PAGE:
This may be stopping you from becoming a calmer, happier parent.
Is something stopping you from being a present, mindful parent?
Every week I get emails in my inbox from parents struggling.
Struggling to overcome anger.
Struggling to feel confident.
Struggling to get along with their in-laws.
Struggling to get their husband on board.
Struggling with disrespectful kids.
Struggling with self doubt.
Struggling with daily overwhelm.
Struggling with change. Change is hard for everyone. Overcoming anger, feeling confident in your decisions, getting others on board with your parenting, raising respectful kids and simplifying your life all require some changes to occur.
Often there is something blocking us even when we know some change must happen. Doing the same thing over and over again isn't working...something has to give. But, how?
When we feel overwhelmed change can seem damn near impossible!
Why is making small changes so hard though? Especially when we KNOW deep down that those changes will bring countless benefits and happiness?
The answer is simple.
We are too busy holding onto stories. Stories are our comforter on a cold night. We hold on tight and in return they protect us.
When the brain feels confused or uncertain it searches for the easiest, simplest way to feel better... More often than not it creates a story. These are usually stories of blame. Blame has a way of redistributing feelings of guilt or shame and we naturally accept stories of blame in our unconscious, desperate attempt to feel less overwhelmed.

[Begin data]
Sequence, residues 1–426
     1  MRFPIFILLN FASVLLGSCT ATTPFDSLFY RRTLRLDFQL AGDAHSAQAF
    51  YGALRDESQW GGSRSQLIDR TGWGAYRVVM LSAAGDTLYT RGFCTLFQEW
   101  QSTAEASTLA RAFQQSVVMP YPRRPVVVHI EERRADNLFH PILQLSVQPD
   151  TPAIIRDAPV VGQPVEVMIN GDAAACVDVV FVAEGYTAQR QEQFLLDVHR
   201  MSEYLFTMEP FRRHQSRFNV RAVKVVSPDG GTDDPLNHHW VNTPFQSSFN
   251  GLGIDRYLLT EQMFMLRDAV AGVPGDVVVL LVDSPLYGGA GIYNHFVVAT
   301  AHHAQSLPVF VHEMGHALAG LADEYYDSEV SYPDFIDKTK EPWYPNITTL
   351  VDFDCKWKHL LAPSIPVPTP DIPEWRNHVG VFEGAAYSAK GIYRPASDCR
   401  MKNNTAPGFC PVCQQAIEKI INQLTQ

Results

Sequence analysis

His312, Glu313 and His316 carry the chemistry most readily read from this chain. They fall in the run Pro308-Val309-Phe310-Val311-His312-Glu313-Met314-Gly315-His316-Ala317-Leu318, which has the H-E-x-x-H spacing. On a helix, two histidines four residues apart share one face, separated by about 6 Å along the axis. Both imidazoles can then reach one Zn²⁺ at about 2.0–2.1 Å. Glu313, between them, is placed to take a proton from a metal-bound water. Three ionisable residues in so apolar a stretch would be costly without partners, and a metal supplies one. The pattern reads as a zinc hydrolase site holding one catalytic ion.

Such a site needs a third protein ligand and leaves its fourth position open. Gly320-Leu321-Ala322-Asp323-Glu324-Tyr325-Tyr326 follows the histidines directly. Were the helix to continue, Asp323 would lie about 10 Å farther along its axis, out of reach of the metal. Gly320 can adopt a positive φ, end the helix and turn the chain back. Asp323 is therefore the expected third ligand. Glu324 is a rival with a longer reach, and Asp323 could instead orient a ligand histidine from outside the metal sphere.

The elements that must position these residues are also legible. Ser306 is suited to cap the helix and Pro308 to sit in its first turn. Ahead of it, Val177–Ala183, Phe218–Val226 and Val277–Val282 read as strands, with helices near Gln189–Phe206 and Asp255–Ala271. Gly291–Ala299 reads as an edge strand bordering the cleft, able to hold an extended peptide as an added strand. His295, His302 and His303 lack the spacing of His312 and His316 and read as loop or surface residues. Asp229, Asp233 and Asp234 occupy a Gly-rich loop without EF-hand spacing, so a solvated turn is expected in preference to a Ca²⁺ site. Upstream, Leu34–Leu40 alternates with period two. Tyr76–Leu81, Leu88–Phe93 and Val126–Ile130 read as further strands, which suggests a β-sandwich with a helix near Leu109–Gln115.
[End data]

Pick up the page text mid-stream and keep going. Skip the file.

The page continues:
Stories can include:
My child behaves this way because she doesn't like me.
My husband won't listen because he thinks I'm incapable.
I keep making mistakes because I'm inadequate.
That person hurt my feelings because they are not a good person.
I can't be a confident parent until there is more peace in my life.
There is too much to learn I can't possibly take this on!
My children are disrespectful because they are spoiled.
My in-laws ignore me because they think they can parent better than I can.
Stories. We all have them.
We all use stories as a safety net. Once we create the ideal story we tell ourselves over and over again until we believe it. And while this may be licking our wounds in the moment story telling prevents us from being truly present and practicing a growth mindset. Story telling comes from a fixed mindset. The mindset that says, "There is nothing to learn here! Avoid this at all cost."
Avoid trying again.
Avoid forgiving people.
Avoid meaningful conversations.
Avoid listening to your children.
Avoid your in-laws!
Avoid self care.
Avoidance is safer. Avoidance feels better than change. Because change means a lot of hard work.
Here's the thing, we can't stop the mind from creating these stories. That's its job! But, we can practice being present. We CAN choose what we listen to and what we let go.
Try this: think of a time where you felt overwhelmed, anxious, angry, worried etc. What was happening? What story comes to mind as you visualise the event? Your stories are always just below the surface and find their way through quickly when we practice visualisation.